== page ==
Complexities in Communication and Collaboration in the Hurricane Warning System
The purpose of the current study is to investigate the Texas hurricane warning system by understanding the communicative experiences of the warning-system boundary spanners, including National Weather Service (NWS) forecasters, emergency managers, and broadcast meteorologists. In-depth interviews lasting between 90 minutes and 120 minutes were conducted with 10 key actors and boundary spanners in the hurricane warning system. Constant comparison was employed to code and analyze the data. Our study revealed that communication and collaboration efforts were strained as the actors experienced tensions pursuing seemingly incompatible goals. The prominent tensions that emerged from interviews included the timeliness of information dissemination versus information accuracy and the access to information versus concerns of information attribution.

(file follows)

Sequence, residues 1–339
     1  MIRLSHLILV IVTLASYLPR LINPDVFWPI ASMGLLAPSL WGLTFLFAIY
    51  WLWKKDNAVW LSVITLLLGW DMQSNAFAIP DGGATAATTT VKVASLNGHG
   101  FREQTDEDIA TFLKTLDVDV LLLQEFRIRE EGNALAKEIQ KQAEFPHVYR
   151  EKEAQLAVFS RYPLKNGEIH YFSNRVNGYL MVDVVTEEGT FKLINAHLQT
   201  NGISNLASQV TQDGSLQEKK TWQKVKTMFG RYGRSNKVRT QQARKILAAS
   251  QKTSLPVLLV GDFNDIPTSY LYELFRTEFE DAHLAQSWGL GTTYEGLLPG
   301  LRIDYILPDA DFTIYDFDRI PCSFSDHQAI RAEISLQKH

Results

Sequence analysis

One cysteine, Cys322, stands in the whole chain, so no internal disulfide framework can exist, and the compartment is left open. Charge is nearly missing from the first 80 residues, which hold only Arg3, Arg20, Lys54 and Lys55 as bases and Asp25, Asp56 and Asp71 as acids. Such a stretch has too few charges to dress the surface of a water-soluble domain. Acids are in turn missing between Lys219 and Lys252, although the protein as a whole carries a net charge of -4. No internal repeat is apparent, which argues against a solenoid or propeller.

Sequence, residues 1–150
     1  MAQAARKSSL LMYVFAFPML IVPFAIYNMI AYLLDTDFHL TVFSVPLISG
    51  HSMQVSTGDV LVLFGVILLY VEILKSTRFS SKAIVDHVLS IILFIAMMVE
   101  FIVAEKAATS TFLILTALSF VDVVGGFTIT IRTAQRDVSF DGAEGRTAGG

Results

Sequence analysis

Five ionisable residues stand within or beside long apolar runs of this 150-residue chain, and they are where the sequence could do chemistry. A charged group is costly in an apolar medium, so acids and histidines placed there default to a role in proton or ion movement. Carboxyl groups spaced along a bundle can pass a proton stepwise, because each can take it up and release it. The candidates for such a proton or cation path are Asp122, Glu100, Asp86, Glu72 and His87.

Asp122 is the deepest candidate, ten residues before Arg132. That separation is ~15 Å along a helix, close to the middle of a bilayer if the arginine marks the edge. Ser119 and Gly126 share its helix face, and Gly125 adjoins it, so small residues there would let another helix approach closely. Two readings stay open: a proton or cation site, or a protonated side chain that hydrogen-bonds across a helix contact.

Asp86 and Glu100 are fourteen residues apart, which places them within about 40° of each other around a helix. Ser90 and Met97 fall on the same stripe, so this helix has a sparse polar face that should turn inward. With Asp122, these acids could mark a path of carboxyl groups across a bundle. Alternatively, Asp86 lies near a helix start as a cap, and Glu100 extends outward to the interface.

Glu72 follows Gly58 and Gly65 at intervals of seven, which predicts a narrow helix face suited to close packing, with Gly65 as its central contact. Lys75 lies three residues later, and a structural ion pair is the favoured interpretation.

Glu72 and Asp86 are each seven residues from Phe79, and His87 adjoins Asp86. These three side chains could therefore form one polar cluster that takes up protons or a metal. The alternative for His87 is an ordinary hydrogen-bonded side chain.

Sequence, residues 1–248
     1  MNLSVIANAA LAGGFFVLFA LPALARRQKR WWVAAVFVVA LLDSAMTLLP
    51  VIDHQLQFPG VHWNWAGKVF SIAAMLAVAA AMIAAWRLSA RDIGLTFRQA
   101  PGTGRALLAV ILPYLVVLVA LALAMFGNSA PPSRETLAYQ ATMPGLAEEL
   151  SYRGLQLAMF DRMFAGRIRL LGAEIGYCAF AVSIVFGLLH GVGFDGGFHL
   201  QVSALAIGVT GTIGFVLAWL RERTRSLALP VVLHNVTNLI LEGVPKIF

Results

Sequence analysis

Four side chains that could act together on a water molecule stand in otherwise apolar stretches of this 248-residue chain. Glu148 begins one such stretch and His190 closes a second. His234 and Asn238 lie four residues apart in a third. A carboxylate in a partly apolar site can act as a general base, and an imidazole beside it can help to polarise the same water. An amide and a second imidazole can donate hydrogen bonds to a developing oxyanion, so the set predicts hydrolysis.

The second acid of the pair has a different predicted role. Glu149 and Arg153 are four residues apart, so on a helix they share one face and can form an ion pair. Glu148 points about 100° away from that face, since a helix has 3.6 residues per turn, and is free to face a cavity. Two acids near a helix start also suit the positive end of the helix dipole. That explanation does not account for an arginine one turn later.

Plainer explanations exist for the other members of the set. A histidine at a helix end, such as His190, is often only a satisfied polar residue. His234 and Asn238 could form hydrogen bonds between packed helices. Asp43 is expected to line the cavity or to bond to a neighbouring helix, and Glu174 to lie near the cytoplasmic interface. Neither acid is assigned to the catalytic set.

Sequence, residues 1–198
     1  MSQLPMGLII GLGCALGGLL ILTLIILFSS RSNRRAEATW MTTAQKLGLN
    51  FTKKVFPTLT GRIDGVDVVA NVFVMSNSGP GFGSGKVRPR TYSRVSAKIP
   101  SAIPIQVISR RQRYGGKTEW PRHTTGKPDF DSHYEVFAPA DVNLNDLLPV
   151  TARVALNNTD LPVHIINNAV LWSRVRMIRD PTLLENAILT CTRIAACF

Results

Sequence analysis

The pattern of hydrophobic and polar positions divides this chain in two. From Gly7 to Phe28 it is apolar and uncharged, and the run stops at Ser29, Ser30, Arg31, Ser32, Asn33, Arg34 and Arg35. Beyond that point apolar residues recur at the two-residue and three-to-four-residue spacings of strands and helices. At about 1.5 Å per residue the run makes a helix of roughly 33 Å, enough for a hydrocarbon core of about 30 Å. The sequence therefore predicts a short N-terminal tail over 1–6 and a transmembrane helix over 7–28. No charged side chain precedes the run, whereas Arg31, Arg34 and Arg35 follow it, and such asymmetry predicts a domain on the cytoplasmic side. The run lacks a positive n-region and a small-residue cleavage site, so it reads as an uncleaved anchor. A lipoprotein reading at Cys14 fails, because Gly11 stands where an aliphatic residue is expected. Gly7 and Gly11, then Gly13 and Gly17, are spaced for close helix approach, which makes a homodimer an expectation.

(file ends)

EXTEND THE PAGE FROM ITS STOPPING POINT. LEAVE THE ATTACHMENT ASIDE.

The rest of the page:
Anthony, K. E.,
Cowden-Hodgson, K. R.
(2014). Complexities in Communication and Collaboration in the Hurricane Warning System. Communication Studies, 65(5), 468-483.
Available at: https://aquila.usm.edu/fac_pubs/16255